By Keysha Hogan
Just so we are clear, it has taken a Seth Rogen and James Franco buddy comedy to deal the first major blow in the devastating and epic 21st century cyber wars.
Reader, we’re in the initial days of 2015 and we are living in the days of corporate-personhood. Companies, like people, can hold religious beliefs, political leanings and now they are experiencing the bitter taste of unbridled fear. This is not that cushy white-collar fear that expects the government to bail them out. They are feeling the debilitating fears of a regular person.
The beginning stages of the breach at Sony did not include the normal raiding of the coffers. There were no news reports about the discretionary accounts of Hollywood executives drained empty. The hackers of North Korea knew that financial losses could be recouped, but to enforce their will upon those with wealth and status they had to key in on a deeper target.
The hackers knew that Sony Studios did not care if the North Korean regime was upset about the film. Instead they unleashed a barrage of emails that revealed a catty, backstabbing, racist environment that had no choice but to implode under the pressure. And with that implosion the entire Sony empire felt the very human feelings of public shame and embarrassment mixed with panic and cowardice.
When faced with such raw feelings Sony ran to its friends for help and understanding. Instead the company was greeted by creative-types who showed little sympathy after reading private emails labeling them talentless and greedy. Rather than embark on an apology tour for roughly six years of email insults, Sony decided to turn to its fellow studio heads. But this time, the neighboring power players from fancy zip codes quietly went back to the cool kids’ table and allowed Sony to be bullied into submission.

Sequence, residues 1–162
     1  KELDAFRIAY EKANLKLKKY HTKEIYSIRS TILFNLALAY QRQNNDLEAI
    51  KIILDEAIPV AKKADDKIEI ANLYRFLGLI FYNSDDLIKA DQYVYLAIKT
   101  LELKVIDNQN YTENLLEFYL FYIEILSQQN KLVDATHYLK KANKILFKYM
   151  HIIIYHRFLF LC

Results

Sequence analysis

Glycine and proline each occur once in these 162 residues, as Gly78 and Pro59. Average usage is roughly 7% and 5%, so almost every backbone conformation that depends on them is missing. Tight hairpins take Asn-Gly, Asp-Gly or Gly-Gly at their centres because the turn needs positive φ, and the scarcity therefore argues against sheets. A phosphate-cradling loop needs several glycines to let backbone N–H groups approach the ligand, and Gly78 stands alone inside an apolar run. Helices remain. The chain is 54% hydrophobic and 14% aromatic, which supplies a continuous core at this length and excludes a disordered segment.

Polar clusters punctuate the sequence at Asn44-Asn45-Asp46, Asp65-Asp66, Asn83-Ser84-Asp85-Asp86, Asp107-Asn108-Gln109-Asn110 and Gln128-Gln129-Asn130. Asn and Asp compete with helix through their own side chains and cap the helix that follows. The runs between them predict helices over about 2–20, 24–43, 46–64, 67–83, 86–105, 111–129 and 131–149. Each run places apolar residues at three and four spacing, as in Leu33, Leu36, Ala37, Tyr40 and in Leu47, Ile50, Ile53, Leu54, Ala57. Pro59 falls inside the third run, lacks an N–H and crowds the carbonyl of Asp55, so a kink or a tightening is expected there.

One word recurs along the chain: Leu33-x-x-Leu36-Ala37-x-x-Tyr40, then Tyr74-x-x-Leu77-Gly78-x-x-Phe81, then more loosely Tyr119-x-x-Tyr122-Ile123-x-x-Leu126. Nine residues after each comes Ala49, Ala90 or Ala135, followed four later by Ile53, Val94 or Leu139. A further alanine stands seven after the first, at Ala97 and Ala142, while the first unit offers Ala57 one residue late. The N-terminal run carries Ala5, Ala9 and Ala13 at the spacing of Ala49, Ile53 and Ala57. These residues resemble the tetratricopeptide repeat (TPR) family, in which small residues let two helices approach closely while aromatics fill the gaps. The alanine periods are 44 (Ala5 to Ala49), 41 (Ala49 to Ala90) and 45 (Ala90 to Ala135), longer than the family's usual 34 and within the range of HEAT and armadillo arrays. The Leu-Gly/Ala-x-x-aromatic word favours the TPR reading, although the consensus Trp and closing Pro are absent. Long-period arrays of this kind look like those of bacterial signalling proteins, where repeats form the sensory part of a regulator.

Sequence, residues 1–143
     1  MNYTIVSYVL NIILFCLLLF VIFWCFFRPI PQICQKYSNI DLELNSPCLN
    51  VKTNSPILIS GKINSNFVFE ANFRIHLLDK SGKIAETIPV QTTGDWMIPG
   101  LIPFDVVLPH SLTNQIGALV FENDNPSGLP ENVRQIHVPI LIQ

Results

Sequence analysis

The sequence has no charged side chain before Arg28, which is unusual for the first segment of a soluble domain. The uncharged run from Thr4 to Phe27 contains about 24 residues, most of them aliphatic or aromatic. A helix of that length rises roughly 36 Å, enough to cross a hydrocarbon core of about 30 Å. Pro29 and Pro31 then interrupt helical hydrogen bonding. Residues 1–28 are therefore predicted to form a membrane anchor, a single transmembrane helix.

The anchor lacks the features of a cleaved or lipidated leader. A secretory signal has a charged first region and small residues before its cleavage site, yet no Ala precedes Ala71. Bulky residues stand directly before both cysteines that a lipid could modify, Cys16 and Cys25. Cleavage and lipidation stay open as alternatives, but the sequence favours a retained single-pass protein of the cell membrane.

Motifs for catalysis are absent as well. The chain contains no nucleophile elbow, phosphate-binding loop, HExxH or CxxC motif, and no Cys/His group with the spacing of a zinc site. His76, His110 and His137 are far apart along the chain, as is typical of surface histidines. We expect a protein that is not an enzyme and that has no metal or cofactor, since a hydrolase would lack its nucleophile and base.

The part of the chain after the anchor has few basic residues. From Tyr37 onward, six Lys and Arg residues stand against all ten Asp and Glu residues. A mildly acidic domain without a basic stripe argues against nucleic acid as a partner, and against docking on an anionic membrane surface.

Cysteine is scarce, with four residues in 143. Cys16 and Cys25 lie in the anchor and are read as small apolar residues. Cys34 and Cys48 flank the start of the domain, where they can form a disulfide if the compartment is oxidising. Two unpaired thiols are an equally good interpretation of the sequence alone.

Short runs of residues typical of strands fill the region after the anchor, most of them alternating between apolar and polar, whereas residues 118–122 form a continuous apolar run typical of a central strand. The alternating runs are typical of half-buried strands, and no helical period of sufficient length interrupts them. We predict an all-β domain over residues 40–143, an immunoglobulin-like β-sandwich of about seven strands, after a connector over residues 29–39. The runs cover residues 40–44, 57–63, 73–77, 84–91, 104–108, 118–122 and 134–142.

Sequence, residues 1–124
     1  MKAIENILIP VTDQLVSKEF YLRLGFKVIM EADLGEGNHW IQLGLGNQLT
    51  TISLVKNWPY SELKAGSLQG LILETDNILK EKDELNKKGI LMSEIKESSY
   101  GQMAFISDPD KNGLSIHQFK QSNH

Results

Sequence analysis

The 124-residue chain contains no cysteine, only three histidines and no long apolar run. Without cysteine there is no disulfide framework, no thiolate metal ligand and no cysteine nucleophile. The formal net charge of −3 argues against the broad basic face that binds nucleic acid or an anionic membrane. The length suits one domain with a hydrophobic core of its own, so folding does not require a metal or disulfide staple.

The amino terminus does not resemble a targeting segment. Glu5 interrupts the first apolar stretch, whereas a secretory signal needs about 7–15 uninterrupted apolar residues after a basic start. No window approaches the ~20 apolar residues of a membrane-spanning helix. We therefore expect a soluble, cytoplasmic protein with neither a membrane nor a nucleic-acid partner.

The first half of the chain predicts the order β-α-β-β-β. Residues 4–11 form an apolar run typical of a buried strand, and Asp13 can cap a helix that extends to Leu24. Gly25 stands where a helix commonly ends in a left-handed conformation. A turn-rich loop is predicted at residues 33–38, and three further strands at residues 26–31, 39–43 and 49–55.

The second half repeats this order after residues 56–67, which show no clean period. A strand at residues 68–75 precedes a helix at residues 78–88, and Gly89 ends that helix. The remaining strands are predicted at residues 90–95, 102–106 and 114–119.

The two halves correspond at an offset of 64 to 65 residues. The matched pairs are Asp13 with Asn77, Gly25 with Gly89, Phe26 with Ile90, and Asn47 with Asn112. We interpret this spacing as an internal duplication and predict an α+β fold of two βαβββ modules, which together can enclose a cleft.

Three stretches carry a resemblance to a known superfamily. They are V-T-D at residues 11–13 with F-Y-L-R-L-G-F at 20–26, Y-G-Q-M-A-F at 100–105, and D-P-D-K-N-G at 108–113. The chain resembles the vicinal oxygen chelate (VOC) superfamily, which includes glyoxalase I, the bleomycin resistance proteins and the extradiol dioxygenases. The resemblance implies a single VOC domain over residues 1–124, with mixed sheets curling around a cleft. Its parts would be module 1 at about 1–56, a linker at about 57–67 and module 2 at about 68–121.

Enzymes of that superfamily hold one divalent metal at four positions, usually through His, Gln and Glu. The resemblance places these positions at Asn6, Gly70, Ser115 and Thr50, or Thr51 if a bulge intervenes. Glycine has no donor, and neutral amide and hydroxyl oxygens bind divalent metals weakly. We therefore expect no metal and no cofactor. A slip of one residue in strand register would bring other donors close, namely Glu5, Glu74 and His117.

And although it’s easy to slam Sony for surrendering, we must realize this was a hostile nation waging an attack on a corporate-person (while that corporate-person’s Japanese parent company has looked on in relative silence). It’s no wonder Sony continues to bow to the harassment and threats.
It is in this very public defeat that Sony will continue to show the world a very human face, while becoming a more hardened and vengeful company behind closed doors. Sony, and other companies, soon will realize that voluntarily canceling a film’s release doesn’t fall under the terrorism clause of its insurance agreements. First it’s tens of millions of dollars lost, then other global players get involved and it’s possible that billions could be lost each year due to good-old fashion intimidation.
And in this revelation, companies will go on the offensive building higher cyber-security walls and forming their own hacker militias that will cry out “Never Again!” in darkened rooms lit by wall-to-wall screens. The siege on Sony will become a parable of Hollywood, Silicon Valley and Wall Street. This case will be dissected in the halls of the most prestigious MBA schools until the end of time.
Sony and the rest of the business world already are looking forward to the next attack. There surely is another one coming and the collective redemption will rest with the next corporate-person willing to risk a life’s work to make a stand.
In this age, there will be those who choose to self-censor instead of angering the extreme elements of this world. They will hope for a great leader to bestow favor and save them from fear and embarrassment. But these corporate-persons will have to learn, just as we have, that most days you must fight back and save yourself.